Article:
This article appeared in the most recent version of the National Valentine Collector’s Association periodical titled the “Valentine Writer”.
What do you do to celebrate Valentine’s Day? Perhaps a romantic candlelit dinner at a cozy local bistro? Is a bouquet of roses part of your day? How about a box of the finest chocolates? Your favorite perfume? Maybe even – a dream of dreams – a piece of fine jewelry?
Figure 1: The front cover of a delightful 1928 magazine by Dennison’s
Not according to the Party Magazine published in early 1928 by Dennison’s, which many of us think of solely as creators of crepe paper. Just into its second full year of publication, the magazine encompasses “Decorations – Costumes – Refreshments – Games“ – in other words, everything that you might need to put on a Valentine’s party that transcends mere chocolates and perfume!
Figure 2: 1928 was a Leap Year – time for a Leap Year Party.
With a knockout drawing on the cover by ‘Eggleston’ (Figure 1), the magazine promises to provide the recipes for “A St. Valentine Dance”; “A Leap Year Party” (Figure 2 – Yes, 1928 was a leap year – and a Presidential election year, too, with Herbert Hoover squaring off against Al Smith); and a description of “My Most Successful Party” by Mary Brian. Other, lower-profile, articles describe topics such as “Ivory Soap Carving”, “Games and Stunts”, “Crepe Paper Costumes”, steps to take “So We’ll Be Invited Again”, and even how to host a Valentine shower for a prospective bride. Although 20 cents was a significant amount of money in 1928, the contents dangled the prospect of upward mobility to the socially conscious, and 20 cents was a small price to pay for social success. Let’s look at the specific Valentine’s Day content to see how that success could be attained.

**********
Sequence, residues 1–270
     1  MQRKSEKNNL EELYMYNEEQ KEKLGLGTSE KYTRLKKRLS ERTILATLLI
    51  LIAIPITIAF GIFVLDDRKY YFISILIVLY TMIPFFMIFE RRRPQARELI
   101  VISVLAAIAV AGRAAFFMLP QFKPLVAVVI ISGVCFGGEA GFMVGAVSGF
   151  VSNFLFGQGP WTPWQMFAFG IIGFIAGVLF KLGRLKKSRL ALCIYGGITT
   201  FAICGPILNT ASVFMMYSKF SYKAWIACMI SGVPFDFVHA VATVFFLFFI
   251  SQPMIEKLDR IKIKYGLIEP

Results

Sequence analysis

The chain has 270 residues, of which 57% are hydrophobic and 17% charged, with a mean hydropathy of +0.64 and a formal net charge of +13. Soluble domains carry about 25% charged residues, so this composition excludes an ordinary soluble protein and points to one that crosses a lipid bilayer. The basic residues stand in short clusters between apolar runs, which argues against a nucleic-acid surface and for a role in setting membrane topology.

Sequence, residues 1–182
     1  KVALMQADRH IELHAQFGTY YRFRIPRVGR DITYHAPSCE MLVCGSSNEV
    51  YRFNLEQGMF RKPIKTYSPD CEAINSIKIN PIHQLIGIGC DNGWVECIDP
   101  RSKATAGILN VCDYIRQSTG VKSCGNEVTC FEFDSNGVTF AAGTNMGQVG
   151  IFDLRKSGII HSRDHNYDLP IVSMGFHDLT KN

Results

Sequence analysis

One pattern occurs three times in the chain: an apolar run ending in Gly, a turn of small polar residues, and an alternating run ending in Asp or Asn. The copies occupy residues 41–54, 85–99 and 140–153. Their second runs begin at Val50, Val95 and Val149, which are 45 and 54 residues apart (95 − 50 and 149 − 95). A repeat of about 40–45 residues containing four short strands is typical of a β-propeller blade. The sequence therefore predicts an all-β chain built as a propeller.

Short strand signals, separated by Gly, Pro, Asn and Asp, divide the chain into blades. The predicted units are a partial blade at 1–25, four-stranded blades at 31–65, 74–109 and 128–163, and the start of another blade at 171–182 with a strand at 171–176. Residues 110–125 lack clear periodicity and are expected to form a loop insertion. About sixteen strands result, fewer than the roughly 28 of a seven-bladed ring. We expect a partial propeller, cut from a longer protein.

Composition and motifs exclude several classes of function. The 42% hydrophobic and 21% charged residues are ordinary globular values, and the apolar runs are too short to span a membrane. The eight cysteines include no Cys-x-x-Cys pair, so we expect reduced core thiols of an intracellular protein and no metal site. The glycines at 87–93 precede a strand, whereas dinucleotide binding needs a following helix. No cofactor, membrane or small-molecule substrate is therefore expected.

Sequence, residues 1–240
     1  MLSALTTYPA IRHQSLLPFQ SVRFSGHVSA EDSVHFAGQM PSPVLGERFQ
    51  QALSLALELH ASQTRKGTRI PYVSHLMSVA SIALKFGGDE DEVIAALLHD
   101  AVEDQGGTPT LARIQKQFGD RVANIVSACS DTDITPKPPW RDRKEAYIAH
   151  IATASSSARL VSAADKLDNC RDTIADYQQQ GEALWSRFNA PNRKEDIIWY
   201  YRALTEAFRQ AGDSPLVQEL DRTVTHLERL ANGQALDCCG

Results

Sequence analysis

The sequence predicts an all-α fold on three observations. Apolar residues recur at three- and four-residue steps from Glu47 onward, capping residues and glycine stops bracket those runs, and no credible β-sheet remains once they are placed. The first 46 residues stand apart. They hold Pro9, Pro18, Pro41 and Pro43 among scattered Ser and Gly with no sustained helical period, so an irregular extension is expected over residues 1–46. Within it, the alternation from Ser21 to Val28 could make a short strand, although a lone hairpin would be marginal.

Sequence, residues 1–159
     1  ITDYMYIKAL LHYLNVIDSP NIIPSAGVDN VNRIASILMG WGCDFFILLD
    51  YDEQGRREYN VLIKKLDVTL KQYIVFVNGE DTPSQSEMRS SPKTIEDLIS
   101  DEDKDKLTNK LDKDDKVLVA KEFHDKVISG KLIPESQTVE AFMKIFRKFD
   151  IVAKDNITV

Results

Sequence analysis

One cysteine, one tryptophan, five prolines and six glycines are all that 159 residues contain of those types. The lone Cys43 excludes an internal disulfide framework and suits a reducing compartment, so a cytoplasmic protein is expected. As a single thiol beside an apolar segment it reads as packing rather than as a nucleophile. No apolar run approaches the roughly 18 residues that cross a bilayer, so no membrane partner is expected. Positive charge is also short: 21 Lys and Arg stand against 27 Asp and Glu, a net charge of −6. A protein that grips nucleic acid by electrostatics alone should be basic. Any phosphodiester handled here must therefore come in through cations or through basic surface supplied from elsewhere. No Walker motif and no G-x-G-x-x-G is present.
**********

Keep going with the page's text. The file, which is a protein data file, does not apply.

Figure 3: The wonderful outside back cover of the Dennison’s magazine, promotion the gift of chocolates for Valentine’s Day.
The outside back cover (Figure 3) advertises “Candy for a Valentine” with a Lonergan color drawing of a handsome, dashing gentleman proffering chocolates in a heart-shaped box to a beautiful woman, sitting in an elegant Victorian-era parlor. This generic industry-sponsored ad is attributed to the National Confectioners Association. Well, we’ve already suggested chocolates, so what about Dennison’s products?
A full-page ad on the inside front cover brings us closer to a Dennison-festooned party. Reminding readers that “A Modern Kodak is Part of the Party” the ad pictures a costumed couple bobbing for an apple suspended on a string. Reminding readers that “Half the fun of the party is living it over in pictures”, the black-and-white ad (cameras took black and white photos, so a color ad just wasn’t appropriate) gets us to Dennison’s and Party Time.
Figure 4: Inside back cover – Dennison’s presents many of its decorating gems
The inside back cover (Figure 4 – generally recognized as the third most valuable advertising placement) illustrates a wide range of enticing Valentine products under the heading of “Dennison’s Goods for St. Valentine’s Day” with a subtitle, “and the Patriotic Holidays”). There is an array of heart-shaped seals, cupid cut-outs, napkins, table covers, crepe paper borders, decorated crepe papers, napkins, and place cards.
Let’s look at the articles that tell us how to use these tools to skyrocket to social success, in an era where there was no electronic social network and the only leading-edge communications tool was the telephone. The illustration in the article on “The Valentine Dance” shows how a hall can be decorated to foster a great environment for Valentine’s festivities (Figure 5). The author, Dorothy Wright, sets out the rationale for such a dance: